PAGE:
Web -> iOS

I recently started developing for iOS and I thought I’d write this short post on it. I first learned javascript/web development through DevMountain in January and was working some freelance gigs when I became enticed by iOS. Among developers it held a little more prestige, plus it had a higher starting salary so I was excited to learn it and develop my first app. I mean, I loved javascript and kinda believe it will take over the world one day with its many inciting, delicious, and easily accessible libraries. All with their many-fold tutorials and code snippets found on stack overflow for achieving virtually ANYTHING imaginable.

Nonetheless, I wanted to learn iOS and if you’ve ever had similar urges here are some pointers to clear up misconceptions answer some questions, and make general comments about the difference between iOS and web development.

 1. What makes iOS more difficult than web development?

Both are difficult. However, in addition to dealing with traditional development problems, those that choose to develop within the iOS framework must also have to deal with the expectations Apple has put in place. The best way to describe it is if you imagine that you have begun building a car from scratch. With web development you have your option of multiple different engines, tires, and windshields etc…. each with its own manual and you can pick and choose which one you like best before you start. However, if you start to develop for iPhone you have only 1 engine, 1 windshield, and 1 set of tires that Apple has provided for you. Some of the pieces have very specific instructions for you to follow too. In Apple’s car to start the engine you must clap both hands on the steering wheel, tell it how many people are in the car, if they are male or female, and also the final destination of your trip or else it won’t start. In my opinion, that’s the hardest part about iOS, just learning how to develop in the manner which Apple wants you to develop

 2. Learning web development before iOS.

Learning web development first will allow you to understand some fundamental programming methodologies. Really any sort of analytical learning will prepare you well for iOS development. So would I recommend learning how to develop for the web before learning iOS? Of course! Are people that skip web development and go straight to iPhone sub-par iOS developers? Not even close! In learning iOS it’s probably more important to understand core computer science principles like class inheritance, data types, and the “Model View Controller” structure none of which are necessary for web, but can be applied when needed. Most of my iOS mentors have never developed for the web at all and overall, I don’t think it matters which one you learn first. However, if you have never developed before and are new to programming I do think javascript is an easier language to start with.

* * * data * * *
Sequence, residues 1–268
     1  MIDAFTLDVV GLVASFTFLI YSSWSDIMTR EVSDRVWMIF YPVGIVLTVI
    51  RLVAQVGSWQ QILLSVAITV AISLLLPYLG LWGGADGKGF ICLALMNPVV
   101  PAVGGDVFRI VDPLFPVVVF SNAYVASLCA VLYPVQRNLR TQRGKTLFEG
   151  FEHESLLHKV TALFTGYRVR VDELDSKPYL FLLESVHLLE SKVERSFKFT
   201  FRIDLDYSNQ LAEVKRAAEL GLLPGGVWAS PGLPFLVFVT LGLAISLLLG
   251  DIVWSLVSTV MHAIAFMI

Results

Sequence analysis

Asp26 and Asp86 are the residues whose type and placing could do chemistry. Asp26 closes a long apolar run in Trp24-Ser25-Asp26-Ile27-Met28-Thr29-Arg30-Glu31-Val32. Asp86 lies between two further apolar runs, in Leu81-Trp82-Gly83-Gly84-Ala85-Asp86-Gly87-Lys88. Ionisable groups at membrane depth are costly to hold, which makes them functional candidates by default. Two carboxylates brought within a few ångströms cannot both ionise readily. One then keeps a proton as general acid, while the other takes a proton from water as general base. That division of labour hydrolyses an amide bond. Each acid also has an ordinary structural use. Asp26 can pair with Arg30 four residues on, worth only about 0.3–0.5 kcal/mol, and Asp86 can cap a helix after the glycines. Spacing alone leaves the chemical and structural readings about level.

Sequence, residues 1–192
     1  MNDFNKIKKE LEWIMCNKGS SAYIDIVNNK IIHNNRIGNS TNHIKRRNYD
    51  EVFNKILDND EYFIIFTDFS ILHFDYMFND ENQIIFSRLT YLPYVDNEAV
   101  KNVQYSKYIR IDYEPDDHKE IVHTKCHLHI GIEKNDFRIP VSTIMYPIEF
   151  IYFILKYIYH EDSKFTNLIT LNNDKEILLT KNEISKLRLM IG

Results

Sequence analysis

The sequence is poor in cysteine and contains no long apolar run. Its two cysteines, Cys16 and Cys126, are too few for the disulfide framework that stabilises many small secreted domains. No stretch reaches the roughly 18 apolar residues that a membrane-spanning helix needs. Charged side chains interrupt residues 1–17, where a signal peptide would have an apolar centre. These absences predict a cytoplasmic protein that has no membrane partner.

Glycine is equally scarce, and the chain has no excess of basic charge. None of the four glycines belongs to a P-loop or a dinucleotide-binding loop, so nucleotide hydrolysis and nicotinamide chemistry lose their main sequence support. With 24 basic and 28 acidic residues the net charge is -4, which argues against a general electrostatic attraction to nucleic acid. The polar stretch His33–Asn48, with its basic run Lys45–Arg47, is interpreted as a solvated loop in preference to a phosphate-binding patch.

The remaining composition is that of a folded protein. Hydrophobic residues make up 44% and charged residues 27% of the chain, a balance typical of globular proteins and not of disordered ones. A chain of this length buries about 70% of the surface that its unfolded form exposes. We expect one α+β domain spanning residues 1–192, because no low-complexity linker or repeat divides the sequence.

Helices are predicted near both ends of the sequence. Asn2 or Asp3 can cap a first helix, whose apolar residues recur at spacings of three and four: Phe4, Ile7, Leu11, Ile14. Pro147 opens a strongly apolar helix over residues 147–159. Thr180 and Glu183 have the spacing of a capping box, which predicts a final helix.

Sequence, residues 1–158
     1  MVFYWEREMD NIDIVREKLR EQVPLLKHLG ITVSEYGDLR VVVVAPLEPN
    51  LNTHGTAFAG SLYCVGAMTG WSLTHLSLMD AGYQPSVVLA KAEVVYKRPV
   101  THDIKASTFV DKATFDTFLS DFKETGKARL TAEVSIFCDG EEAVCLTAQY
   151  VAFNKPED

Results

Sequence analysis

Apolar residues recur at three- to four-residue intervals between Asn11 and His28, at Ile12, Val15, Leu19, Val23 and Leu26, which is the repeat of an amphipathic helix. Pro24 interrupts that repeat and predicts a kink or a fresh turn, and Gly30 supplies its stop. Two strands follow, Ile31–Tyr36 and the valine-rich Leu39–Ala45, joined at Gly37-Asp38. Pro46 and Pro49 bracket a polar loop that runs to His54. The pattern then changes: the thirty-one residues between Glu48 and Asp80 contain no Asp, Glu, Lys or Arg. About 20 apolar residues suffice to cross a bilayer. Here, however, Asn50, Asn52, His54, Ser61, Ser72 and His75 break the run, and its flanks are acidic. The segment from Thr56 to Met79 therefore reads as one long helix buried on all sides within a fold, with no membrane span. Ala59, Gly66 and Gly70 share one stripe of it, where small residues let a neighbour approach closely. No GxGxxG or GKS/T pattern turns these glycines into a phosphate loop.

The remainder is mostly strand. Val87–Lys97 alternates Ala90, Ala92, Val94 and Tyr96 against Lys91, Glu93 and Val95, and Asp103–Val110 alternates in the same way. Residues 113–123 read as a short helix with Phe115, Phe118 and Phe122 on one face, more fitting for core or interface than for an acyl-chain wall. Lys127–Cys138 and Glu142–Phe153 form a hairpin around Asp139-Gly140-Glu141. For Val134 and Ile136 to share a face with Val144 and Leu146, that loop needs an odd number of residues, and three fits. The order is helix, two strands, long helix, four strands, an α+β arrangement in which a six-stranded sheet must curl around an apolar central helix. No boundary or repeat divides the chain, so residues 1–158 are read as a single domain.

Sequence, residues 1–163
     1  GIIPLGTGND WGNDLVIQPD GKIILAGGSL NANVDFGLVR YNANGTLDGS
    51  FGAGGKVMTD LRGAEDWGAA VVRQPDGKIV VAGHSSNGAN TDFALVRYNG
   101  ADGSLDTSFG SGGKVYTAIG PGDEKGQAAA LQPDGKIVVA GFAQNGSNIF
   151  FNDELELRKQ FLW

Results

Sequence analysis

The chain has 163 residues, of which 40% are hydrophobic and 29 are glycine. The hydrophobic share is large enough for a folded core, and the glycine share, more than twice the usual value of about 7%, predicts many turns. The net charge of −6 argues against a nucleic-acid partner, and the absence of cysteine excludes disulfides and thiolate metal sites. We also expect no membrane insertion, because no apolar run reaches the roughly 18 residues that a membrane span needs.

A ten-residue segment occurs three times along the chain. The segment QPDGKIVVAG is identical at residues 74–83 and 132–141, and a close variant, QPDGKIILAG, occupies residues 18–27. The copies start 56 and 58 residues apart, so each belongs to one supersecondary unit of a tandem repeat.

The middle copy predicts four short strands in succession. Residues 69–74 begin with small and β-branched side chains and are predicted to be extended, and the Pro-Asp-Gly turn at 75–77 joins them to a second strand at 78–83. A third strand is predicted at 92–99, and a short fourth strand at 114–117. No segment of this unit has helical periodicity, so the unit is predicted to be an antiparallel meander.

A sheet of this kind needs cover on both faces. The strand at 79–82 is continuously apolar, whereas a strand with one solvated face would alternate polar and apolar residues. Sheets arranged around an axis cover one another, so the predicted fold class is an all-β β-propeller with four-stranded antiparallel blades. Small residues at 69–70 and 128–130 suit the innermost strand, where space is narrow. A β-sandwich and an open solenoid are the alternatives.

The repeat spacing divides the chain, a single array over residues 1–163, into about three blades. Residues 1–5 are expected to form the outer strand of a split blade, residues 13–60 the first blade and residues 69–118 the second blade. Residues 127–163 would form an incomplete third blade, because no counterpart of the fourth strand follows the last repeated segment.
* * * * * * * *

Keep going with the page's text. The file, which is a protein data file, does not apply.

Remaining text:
3. Front-End Web vs iOS

The existence of HTML and CSS is awesome… and iOS doesn’t use anything even close to those languages. So if you think they will translate over, think again, because they have their own system for displaying content on the screen. They even have multiple ways in which you can define where it will be displayed and if you’re used to one style, but work with someone that uses the other style it will be difficult to work together. Here is a link talking about the differences. Basically “display centric” development and responsive web design is definitely easier with CSS, but*. However, iOS does have one bonus point in that the devices used to view your iOS apps are the same so you don’t have to worry about things like different web browsers, screen sizes, and the like. All said and done… visual development is easier for the web.

 4. Entrepreneurs looking to do MVPs

Doing a web app in Angular/Ember then converting it over to iOS/Android/Blackberry/WindowsPhone/WhateverPhone via Phonegap is going to be WAY more time and cost effective rather than spending time in developing specific applications for all those other platforms. Rather than hiring developers for each mobile platform, spend that money on marketing (my humble opinion) and wait until you’ve really nailed your solution to start building device specific apps.

 5. Swift vs Objective-C

Remember the example I used above about the car (see the section titled “What makes iOS more difficult than web development” above) isn’t the language, but rather the restrictions and requirements Apple inherently has. Therefore, the actual language in which you code is not the most difficult part, but rather the framework.

Those are my initial thoughts. If you have any other questions about this just send an email to johndangerstorey at gmail dot com or send a lil ole tweet in the direction of @johnDANGRstorey. Good luck learning and long live the mighty coder!

 
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